2001 Progress Report: Nutrient Cycling and Algal Productivity in the Florida Keys

EPA Grant Number: R828020C002
Subproject: this is subproject number 002 , established and managed by the Center Director under grant R828020
(EPA does not fund or establish subprojects; EPA awards and manages the overall grant for this center).

Center: National Center for Caribbean Coral Reef Research (NCORE)
Center Director: McManus, John W.
Title: Nutrient Cycling and Algal Productivity in the Florida Keys
Investigators: Szmant, Alina
Institution: University of North Carolina - Wilmington
EPA Project Officer: Packard, Benjamin H
Project Period: December 15, 1999 through December 14, 2003
Project Period Covered by this Report: December 15, 2000 through December 14, 2001
RFA: National Center for Caribbean Coral Reef Research (1999) RFA Text |  Recipients Lists
Research Category: Congressionally Mandated Center , Targeted Research

Progress Summary:

The aims of the Year 1 and 2 work remain the same as in the proposal. We have been able to complete three 2-week field sessions (May and Aug 2000, February 2001) in the Florida Keys, with support from the National Undersea Research Center of UNCW, during which we have measured algal percent cover, biomass and algal productivity at 11 stations representing three habitat types (patch reef, relic reef, and high-relief reef). We found after the first trip that the 2-week duration for the productivity/caging studies was not long enough, and so we modified our method slightly for the August period (we did not clip back the algal biomass to such low levels as the first time), and for the February trip (the cages were put out three weeks before the field trip so that more algal biomass could accrete). We also worked at being more consistent in which reef zone we sampled. Initially were followed behind the fish survey team, but because of differences in sampling scale and logistics, we were not able to sample all of the same transects they sampled. We were concerned that the way we were sampling we would not be able to connect the fish and algal community data sets, and this is a primary goal of the project. During the February 2001 trip, a more concerted effort was made to integrate better the two sampling protocols.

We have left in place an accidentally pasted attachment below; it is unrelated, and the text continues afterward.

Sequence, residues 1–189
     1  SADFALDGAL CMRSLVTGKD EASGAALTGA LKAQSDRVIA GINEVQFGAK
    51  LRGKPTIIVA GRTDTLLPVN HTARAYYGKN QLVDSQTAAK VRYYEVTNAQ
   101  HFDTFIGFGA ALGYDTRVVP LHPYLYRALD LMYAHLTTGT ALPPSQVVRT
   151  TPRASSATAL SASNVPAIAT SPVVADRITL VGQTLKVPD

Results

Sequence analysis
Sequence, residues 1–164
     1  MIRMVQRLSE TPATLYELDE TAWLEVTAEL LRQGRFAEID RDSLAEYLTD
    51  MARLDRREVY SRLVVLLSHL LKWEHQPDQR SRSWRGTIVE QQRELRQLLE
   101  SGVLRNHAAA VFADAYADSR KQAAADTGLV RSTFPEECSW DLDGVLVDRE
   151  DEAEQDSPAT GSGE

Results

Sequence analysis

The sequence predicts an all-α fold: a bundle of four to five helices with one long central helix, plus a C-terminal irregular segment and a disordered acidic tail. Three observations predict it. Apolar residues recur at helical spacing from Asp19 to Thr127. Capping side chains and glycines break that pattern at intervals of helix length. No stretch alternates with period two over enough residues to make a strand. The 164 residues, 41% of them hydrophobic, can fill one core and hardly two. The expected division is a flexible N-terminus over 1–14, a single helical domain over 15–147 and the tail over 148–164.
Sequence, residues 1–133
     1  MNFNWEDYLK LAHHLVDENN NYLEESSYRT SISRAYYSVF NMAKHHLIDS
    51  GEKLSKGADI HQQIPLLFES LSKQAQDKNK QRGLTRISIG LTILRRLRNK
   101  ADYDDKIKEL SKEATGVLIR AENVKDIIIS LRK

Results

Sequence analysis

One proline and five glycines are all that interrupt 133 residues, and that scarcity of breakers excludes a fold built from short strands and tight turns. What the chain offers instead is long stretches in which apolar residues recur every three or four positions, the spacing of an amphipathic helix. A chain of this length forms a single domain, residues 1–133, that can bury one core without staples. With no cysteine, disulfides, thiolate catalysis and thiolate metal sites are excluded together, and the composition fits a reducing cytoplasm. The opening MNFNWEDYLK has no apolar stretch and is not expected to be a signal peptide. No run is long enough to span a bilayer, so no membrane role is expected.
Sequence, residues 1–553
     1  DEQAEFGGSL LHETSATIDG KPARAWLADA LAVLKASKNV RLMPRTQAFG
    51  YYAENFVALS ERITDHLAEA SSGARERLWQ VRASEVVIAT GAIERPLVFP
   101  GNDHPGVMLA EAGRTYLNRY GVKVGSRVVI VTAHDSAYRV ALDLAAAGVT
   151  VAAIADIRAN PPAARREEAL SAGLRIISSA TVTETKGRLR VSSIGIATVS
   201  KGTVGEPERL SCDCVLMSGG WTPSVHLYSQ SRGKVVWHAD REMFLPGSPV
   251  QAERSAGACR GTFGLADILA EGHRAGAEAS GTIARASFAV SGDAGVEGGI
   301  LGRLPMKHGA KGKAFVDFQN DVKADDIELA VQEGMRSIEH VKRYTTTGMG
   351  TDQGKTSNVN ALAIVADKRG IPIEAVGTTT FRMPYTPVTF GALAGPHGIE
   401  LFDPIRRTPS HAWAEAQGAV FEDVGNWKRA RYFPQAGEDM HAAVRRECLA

We had to reduce the number of transects and biomass samples we collected at each station because of time constraints. We spent 8 or more hours per day in the field and then had 8-10 hours of samples to process each night. This proved to be too much work for our team of 3-4. We have since been successful at recruiting volunteers from The Nature Conservancy's community volunteer program to help with the algal sorting in Key Largo. This has made it feasible to get the algal samples processed in a timely fashion. Altogether ca. 180 algal samples were collected each trip that had to be sorted to algal species or functional group, dried, weighed and packaged for return to UNCW. Each sample had 5 or more types of algae in it, and so we have processed close to 2000 samples to date.

Sample and data analysis: Dried algal samples from the various biomass quadrats were pooled for each station for determination of ash-free dry weight, N and P analysis. All of the AFDWs, N and P contents were measured for the May samples by the temporary interns. We are re-analyzing some of these to make sure that the results are consistent. The August samples have been pooled and ground but their chemical analysis has not been started. No work has been done on the February 2001 samples since they just returned from the field.